In the tough world of work, we all need to do a little self-promotion from time to time.
But there is a difficult balance to strike between making our achievements known without appearing unpleasant.
Now a study has found the answer: Highlight your coworkers’ accomplishments while illuminating your own.
Researchers say this “dual promotion” tactic is the perfect way to ensure we are perceived as competent while also radiating “warmth.”
“We show that by promoting others (describing the achievements and qualities of others) and at the same time promoting themselves (describing one’s own achievements and qualities), individuals can project warmth and competence,” the researchers stated.
In the tough world of work, we all need to do a little self-promotion from time to time. But there is a difficult balance to strike between making our achievements known without appearing unpleasant. Now a study has found the answer: highlight your coworkers’ achievements while illuminating your own (file image)
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The team, from Vanderbilt University, George Mason University and the University of Pennsylvania, distinguished dual promotion from ingratiation, where a person says something positive about someone to their face or in their presence, making a good impression on them. the person receiving the message. praise.
Dual promotion involves one person highlighting the achievements of others even when those other people are not present.
A person could use double promotion in, for example, a job interview, where none of his or her colleagues were present.
“With dual promotion, the goal is not to directly improve relationships with the person being congratulated, but rather to demonstrate to a third party that you care about that other person to demonstrate your own warmth and competence,” said Dr. Eric Van Epps. one of the authors of the study.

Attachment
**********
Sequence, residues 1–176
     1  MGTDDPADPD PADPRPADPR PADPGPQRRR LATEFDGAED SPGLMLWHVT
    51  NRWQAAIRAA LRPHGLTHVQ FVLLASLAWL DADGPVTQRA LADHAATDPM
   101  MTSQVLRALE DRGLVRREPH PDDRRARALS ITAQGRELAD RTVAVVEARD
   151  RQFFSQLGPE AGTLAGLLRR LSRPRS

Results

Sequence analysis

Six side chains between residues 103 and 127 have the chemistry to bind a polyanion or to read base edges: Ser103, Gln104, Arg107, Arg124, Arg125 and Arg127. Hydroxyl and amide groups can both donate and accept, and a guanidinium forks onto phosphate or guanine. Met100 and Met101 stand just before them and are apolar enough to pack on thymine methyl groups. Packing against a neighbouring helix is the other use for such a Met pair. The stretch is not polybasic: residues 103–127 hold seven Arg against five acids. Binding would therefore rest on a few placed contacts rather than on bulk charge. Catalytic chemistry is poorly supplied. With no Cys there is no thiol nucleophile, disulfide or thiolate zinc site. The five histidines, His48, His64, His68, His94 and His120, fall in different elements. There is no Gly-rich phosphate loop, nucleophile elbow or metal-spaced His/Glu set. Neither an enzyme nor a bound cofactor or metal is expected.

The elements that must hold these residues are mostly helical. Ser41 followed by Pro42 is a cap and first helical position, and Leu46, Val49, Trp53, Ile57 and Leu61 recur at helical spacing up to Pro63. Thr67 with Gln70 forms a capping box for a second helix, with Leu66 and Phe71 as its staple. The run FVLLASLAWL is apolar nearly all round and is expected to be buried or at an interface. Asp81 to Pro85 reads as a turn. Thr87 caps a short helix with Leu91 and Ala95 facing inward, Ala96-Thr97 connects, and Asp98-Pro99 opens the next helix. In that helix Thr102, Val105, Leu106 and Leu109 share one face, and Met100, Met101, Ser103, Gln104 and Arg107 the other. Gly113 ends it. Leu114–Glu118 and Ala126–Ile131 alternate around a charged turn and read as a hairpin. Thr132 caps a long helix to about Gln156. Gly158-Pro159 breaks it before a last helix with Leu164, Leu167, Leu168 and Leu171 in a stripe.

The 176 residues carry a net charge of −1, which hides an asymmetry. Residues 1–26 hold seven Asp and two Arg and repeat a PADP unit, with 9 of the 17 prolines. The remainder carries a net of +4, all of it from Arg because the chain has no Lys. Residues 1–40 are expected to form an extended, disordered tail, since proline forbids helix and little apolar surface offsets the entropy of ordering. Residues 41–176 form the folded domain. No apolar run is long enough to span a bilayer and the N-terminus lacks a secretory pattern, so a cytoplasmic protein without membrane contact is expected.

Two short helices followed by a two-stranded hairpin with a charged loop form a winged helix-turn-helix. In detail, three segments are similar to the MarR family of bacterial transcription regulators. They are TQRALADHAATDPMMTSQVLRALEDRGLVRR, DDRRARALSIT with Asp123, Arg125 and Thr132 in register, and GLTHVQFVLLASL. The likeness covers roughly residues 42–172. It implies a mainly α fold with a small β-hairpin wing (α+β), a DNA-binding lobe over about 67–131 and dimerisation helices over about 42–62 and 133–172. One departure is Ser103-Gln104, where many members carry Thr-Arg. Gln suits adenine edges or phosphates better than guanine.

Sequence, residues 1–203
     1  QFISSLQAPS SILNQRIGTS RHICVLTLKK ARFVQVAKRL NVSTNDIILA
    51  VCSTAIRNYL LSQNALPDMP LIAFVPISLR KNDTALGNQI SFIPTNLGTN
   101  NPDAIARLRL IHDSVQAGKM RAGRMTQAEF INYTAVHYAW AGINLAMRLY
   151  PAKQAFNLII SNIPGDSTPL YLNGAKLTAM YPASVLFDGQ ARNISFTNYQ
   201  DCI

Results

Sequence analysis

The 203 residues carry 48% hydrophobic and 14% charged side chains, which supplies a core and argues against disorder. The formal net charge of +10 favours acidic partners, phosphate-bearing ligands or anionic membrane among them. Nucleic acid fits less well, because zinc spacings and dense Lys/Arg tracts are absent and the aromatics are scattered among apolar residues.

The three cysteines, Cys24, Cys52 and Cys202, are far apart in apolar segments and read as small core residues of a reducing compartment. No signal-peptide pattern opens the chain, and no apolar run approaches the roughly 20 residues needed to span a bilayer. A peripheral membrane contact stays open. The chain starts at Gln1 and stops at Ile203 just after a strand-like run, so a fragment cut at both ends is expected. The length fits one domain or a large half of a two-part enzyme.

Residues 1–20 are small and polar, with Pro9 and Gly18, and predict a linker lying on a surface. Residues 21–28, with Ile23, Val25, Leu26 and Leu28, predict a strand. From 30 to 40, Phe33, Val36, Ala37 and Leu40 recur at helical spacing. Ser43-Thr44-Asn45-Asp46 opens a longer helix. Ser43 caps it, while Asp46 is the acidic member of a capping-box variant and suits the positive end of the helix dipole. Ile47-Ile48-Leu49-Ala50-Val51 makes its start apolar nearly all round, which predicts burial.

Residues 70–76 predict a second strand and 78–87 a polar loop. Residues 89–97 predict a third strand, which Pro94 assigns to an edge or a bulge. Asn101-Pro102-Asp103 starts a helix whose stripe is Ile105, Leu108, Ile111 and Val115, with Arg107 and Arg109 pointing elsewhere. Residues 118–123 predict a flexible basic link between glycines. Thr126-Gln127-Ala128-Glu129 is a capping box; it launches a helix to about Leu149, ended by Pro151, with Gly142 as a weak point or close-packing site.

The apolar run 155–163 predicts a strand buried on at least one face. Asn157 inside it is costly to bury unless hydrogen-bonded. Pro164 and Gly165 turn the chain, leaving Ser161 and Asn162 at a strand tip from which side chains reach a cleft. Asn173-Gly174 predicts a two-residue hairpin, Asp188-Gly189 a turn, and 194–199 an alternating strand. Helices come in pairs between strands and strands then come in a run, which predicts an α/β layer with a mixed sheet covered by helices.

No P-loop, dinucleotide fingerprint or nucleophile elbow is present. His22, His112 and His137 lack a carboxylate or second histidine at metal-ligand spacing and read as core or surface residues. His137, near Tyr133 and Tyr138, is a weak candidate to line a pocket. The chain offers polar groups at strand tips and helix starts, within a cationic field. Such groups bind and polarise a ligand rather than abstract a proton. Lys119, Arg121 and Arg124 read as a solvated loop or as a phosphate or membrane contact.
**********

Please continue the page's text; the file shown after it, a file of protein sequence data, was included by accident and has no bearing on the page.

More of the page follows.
However, he said most people don’t try double promotion when they encounter situations like a job interview.
In a pilot study, they surveyed hiring managers, who said that the majority of candidates they interviewed (69.1 percent) only self-promoted, while only 12.6 percent engaged in double promotion.
“It seems like people don’t think about speaking positively about others in the moment, or they’re worried about making themselves look worse by comparison,” said Dr. VanEpps, an associate professor of marketing at Vanderbilt University.
“But we found over and over again that it’s good to congratulate your colleagues, especially (this is the ‘double’ part of dual promotion), in addition to claiming credit for your own skills and achievements.”
Researchers say this “dual promotion” tactic is the perfect way to ensure we are perceived as competent while also radiating “warmth” (file image)
For the study, published in the Journal of Personality and Social Psychology, researchers completed seven experiments with 1,488 participants.
Observers evaluated people involved in dual promotion compared to other “impression management strategies,” in a variety of contexts.
In one experiment, 200 hiring managers were asked to read about two colleagues who had completed a joint project and evaluate themselves.
The colleague who used dual promotion wrote: ‘This project was successful because of our teamwork.
‘I took care of all the financial analysis, technical processes and back-end design. Alex really impressed me with the way he handled communications with our clients.
“We both took charge of what we do best and that led to a great result.”
The other colleague, who used “self-promotion”, wrote: “This project was successful thanks to the efficient technical details.”
‘My skill set was a perfect fit for this project, so I took care of all the financial analysis, technical processes and back-end design.
“I took charge of what I do best and got a great result.”
Managers rated the two candidates virtually the same on competence, but the dual-promoted candidate was rated significantly higher on warmth, scoring 5.65, on average, on a seven-point scale, compared to 4. .14 for the self-promoting candidate.
Additionally, managers had a more positive overall impression of the dual-promotion candidate, with a score of 5.83 on a seven-point scale, compared to the self-promotion candidate, who scored 4.67.
The research team said that previous studies have identified “so many behaviors” that people perform around self-promotion that, while they make a good impression on one dimension, end up harming the way people think of them on another, for example. which scholars have coined the term “the “Self-Promotion Dilemma.”
They concluded: ‘In this work, we identify a novel approach to solving the self-promotion dilemma, which we call ‘dual promotion.’